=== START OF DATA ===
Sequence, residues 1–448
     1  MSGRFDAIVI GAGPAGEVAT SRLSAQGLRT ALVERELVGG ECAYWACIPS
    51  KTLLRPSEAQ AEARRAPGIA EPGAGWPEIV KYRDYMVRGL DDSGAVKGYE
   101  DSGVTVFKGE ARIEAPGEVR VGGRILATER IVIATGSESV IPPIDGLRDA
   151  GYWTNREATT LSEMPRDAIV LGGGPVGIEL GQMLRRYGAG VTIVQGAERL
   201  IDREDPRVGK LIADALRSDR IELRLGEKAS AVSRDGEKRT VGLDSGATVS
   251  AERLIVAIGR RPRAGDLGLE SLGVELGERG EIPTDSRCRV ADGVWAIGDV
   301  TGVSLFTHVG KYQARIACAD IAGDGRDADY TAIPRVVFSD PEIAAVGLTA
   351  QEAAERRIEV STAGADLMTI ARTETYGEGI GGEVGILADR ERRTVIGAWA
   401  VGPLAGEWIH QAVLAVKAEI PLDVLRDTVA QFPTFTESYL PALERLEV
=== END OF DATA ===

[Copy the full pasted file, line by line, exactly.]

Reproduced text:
Sequence, residues 1–448
     1  MSGRFDAIVI GAGPAGEVAT SRLSAQGLRT ALVERELVGG ECAYWACIPS
    51  KTLLRPSEAQ AEARRAPGIA EPGAGWPEIV KYRDYMVRGL DDSGAVKGYE
   101  DSGVTVFKGE ARIEAPGEVR VGGRILATER IVIATGSESV IPPIDGLRDA
   151  GYWTNREATT LSEMPRDAIV LGGGPVGIEL GQMLRRYGAG VTIVQGAERL
   201  IDREDPRVGK LIADALRSDR IELRLGEKAS AVSRDGEKRT VGLDSGATVS
   251  AERLIVAIGR RPRAGDLGLE SLGVELGERG EIPTDSRCRV ADGVWAIGDV
   301  TGVSLFTHVG KYQARIACAD IAGDGRDADY TAIPRVVFSD PEIAAVGLTA
   351  QEAAERRIEV STAGADLMTI ARTETYGEGI GGEVGILADR ERRTVIGAWA
   401  VGPLAGEWIH QAVLAVKAEI PLDVLRDTVA QFPTFTESYL PALERLEV